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The department offers advanced work leading to the Master of Arts and Doctor of Philosophy degrees. Students admitted into the graduate program are admitted for the Ph.D. degree. A master’s degree may be taken as part of the program leading to the Ph.D. degree; however, a master’s degree is not an essential part of the doctoral program.

In order to organize constellations of research interest, the department curriculum is organized by Programs and Concentrations. Programs are offered in Archaeology, Human Biology, Ecology, and Evolution, and Sociocultural Anthropology and Ethnography. Concentrations include Health, Medicine, and Humanity; Global Engagement; Race, Difference, and Power; Heritage and Unwritten Histories; and Social Formations and Processes. Students are expected to take at least three courses from within their chosen area of concentration or from a set of courses designated by their program.

Programs are distinguished from Concentrations by their institutional links to other faculty and administrative units on campus, and by their greater specificity for certain course requirements. Students interested in one or the other Program are advised to so declare when they enter the department if they have not yet done so. Students interested in choosing a Concentration may make this choice after beginning their graduate work. The choice of Concentration or Program must be made by the end of the student’s third semester. Whichever path the student chooses, the faculty expects all students to obtain broad training in anthropology. To this end, graduate students may take courses offered by other departments or institutions such as Duke University. Departmental policy is to help the student select courses that supplement and strengthen the specialization in anthropology.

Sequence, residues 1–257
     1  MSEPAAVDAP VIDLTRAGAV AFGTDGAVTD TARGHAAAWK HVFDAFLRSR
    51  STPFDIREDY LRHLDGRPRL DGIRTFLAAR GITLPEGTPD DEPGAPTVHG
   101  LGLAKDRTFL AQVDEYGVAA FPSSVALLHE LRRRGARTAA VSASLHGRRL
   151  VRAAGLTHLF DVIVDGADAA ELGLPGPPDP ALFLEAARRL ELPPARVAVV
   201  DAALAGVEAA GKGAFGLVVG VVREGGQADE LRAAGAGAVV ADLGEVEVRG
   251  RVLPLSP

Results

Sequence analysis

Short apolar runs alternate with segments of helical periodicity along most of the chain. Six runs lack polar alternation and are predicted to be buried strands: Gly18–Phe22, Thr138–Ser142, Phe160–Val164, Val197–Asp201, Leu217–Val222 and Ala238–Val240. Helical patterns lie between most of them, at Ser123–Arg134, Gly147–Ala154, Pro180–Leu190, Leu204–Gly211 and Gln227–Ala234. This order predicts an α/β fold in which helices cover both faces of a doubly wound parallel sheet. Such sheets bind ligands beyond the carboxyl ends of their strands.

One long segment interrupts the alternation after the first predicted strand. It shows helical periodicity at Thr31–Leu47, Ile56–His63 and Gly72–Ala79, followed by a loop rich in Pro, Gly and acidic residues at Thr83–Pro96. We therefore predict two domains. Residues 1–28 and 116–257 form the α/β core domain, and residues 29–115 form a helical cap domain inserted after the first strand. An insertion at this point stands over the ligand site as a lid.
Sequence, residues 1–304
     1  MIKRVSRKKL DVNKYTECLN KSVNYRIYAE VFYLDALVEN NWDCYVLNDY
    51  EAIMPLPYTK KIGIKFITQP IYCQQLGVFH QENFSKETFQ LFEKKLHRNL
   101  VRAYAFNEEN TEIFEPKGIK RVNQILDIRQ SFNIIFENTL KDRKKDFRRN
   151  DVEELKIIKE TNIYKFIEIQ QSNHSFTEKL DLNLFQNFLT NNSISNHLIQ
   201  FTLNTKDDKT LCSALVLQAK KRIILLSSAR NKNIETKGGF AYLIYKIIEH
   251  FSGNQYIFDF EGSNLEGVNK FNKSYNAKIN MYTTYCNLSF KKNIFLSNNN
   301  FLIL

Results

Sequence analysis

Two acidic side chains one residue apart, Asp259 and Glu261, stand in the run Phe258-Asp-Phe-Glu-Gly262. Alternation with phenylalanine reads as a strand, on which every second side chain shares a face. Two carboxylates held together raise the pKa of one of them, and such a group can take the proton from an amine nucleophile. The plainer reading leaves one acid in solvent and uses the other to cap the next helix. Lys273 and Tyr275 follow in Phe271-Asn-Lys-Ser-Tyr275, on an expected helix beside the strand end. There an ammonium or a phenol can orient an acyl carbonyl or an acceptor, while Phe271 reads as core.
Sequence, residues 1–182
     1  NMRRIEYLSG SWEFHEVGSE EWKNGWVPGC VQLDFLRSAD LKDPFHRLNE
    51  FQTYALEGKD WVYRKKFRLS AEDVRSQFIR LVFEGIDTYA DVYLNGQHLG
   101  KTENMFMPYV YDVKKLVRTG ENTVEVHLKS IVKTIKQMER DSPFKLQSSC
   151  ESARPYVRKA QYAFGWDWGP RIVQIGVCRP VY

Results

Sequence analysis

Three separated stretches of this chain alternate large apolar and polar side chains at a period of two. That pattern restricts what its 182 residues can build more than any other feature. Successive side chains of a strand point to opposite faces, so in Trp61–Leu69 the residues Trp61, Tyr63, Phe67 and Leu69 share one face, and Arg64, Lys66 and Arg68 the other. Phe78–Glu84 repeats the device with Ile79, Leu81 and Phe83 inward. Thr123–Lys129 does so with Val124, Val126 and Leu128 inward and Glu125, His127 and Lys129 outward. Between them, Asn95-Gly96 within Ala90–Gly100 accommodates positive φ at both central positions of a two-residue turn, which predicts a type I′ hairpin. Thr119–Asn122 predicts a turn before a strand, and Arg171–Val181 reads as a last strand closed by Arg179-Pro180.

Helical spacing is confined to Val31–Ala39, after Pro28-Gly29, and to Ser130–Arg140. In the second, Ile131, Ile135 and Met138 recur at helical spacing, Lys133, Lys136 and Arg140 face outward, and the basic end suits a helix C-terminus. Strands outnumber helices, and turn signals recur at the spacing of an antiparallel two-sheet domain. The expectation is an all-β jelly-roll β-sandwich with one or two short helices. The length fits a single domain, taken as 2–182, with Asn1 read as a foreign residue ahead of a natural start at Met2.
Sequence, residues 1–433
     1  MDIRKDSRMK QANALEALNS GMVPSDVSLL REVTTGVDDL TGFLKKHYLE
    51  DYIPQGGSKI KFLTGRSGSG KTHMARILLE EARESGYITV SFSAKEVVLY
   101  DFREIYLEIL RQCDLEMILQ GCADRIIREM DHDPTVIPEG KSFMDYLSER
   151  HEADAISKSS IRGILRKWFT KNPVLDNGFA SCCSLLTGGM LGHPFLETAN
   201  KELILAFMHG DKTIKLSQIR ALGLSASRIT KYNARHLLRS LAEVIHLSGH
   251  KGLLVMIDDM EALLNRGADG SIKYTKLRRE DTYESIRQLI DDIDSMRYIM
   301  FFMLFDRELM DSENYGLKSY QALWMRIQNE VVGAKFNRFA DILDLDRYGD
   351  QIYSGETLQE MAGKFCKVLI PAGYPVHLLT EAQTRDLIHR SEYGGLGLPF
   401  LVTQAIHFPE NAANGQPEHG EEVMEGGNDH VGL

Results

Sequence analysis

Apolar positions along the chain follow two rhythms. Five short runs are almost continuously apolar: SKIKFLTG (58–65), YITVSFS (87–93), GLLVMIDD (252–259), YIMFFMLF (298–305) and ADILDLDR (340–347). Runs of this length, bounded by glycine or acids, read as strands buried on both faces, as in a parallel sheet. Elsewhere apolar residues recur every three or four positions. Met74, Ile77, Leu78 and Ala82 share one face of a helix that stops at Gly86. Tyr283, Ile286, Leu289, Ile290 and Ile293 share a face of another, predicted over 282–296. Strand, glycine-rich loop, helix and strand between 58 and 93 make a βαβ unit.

Incoming graduate students are required to complete the appropriate two-semester core course sequence for their concentration: Sociocultural Theory and Ethnography (ANTH 701, 702) or Evolution and Ecology (ANTH 703, 704). In addition, incoming students will either choose to complete the remaining core course sequence, or take one course from that sequence and Archaeological Theory (ANTH 705). Other courses are selected from a list of concentration courses, field research courses, and professional preparation courses.

During the second year of study, graduate students are required to produce a substantial piece of independent research, advised by a three-member faculty committee and presented to the entire faculty at the end of the fourth semester. Graduate students are advised to take their written and oral Ph.D. exams by the end of the sixth semester.

The Ph.D. degree requires specialization in a defined area of study and the completion of an acceptable dissertation treating some problem within this area. The Ph.D. program is quite flexible; any area or problem can be selected for study, provided it meets the approval of the student’s adviser, Ph.D. committee, and the faculty. Part of the training of a professional anthropologist is based on a minimum of one year’s fieldwork, which provides the context for the dissertation data in sociocultural anthropology or human ecology. For students concentrating in archaeology or biological anthropology, the Research Labs in Archaeology offer opportunities for student-led investigations as well as analysis of existing collections of archaeological material.

The Department of Anthropology works closely with the Institute for Research in Social Science, the Institute for the Study of the Americasthe Carolina Population Center, and the Research Laboratories of Archaeology.

For a more detailed elaboration of requirements for programs and concentrations, see the Guide to Graduate Studies in Anthropology at UNC-CH.

What should you think about when applying to grad school? Good advice here.

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